I want to ask you for clarification and advice regarding the following situation that emerged during a penetration test of my client's eCommerce shop.

My client is using an xt:commerce shop software in combination with a MariaDB. During an initial automated discovery of potential SQLi and XSS vulnerabilities, the middleware that reports about various errors (web server, PHP and database errors) suddenly threw multiple errors that the maximum number of allowed user connections were exceeded:

(HY000/1203): User xyz already has more than 'max_user_connections' active connections.

Subsequently, similar error messages were spawned:

exception 'Exception' with message 'Unable to connect to database server!'
Error-Nr.: 1045 Access denied for user 'abc'@'localhost' (using password: NO)

Effectively, for the page visitors it was not possible to browse the articles or to purchase them as no one was able to connect to the database using the standard user anymore.

The question was, why internally the database kept some connections open. It seemed like some jobs failed to finish. After some more investigations, we found that 99% of the open connections related to this particular user were in a zombie-like state with status Waiting for table flush. Immediately, I thought that the client was using an unreported backup script that would execute some sort of ANALYZE TABLE as reported here, which unfortunately colluded with the penetration test. And indeed there was an unreported CRON job doing just this. However, we found that this job didn't run at this time and hence could impossibly be the reason for the behavior.

So my first question is: What could be the reason that led to this deadlock situation, which could only be resolved by a restart of the database service?

Secondly, during a second phase, which did not involve SQLi tests at all but during which different XSS vectors were tested against a potentially vulnerable script in an automatic fashion, we again saw that the maximum number of user connections were depleted. This effectively is a DoS against the database making it unavailable to legit users of the website. We checked the related database configuration entries and they were adjusted as follows:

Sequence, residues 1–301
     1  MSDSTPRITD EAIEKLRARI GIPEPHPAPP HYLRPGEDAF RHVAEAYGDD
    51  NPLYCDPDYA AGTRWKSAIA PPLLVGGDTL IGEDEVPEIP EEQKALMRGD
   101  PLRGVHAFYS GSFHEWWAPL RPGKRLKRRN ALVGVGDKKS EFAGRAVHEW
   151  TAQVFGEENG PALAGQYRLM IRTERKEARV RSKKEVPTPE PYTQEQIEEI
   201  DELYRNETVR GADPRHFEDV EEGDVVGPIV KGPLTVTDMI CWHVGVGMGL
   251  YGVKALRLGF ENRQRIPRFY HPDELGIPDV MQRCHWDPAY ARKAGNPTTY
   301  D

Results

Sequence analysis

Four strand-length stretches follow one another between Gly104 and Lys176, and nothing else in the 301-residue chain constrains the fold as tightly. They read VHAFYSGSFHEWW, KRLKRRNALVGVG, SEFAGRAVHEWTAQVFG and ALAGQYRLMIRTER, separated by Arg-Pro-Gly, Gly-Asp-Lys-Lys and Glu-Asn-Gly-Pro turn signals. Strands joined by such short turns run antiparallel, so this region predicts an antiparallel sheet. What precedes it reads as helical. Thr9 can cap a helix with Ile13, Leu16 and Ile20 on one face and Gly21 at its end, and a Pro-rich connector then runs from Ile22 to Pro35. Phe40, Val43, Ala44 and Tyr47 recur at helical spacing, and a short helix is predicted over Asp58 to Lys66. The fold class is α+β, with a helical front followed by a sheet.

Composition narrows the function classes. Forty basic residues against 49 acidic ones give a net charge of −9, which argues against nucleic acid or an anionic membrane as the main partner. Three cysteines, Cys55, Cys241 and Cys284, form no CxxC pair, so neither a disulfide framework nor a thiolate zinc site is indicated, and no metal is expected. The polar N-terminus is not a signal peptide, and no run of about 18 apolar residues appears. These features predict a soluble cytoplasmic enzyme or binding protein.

As the legit users connect via PHP using the same DB user, there are effectively 30 connection available.

So my second question is: How can you mitigate such easy DoS attacks against the DB, where you simply exhaust the available connection by executing numerous SQL queries (i.e., be repeatedly querying a search form)? A naive approach would be setting max_user_connections=0. However, there will be a trade-off and I have a bad feeling about it. One the one hand you get rid of the bottle neck of limited connections. However, the DB resources will be stressed much more. Is there a more clever way to avoid such DoS-like situation while also maintaining a reasonable usage of the DB resources?

P.S.: Yes, never do an active / aggressive pen-test on a live system. The client explicitly asked (begged) to do it anyway, no matter how much I told him that this is a very bad idea.

  • Just to be sure: you're giving the user direct access to the database? Apr 6, 2018 at 9:59
  • No, the user gets a standard mysql interface via PHP using mysql_connect(), mysql_query(), etc. Apr 6, 2018 at 13:58

2 Answers 2


I'd expect that you dimension your database system so that you can serve as many parallel requests as your overall system should allow. If each request spawns a new database connection (which in itself might be seen as design shortcoming), 30 does seem very low. Have you actually tested how much overhead a zombie connection is, and how long it takes for the database server to close it? My suspicion is that you're fighting ghosts here, and can easily use an order of magnitude more connections.

I don't know your web application, but often you'll find something like N service workers which each hold one persistent connection to the database (which hence only needs to accept N connections), and these workers split the user sessions "fairly" among them. I don't think PHP lends itself to such "sane" network service designs, but then again, I've always felt biased against PHP.


The best thing i could think about is to fix the application and the Environment that it will work correctly and closes all DB Connections after use. And if the CronJob runs some time and don't close it's Connections this could also be a problem.

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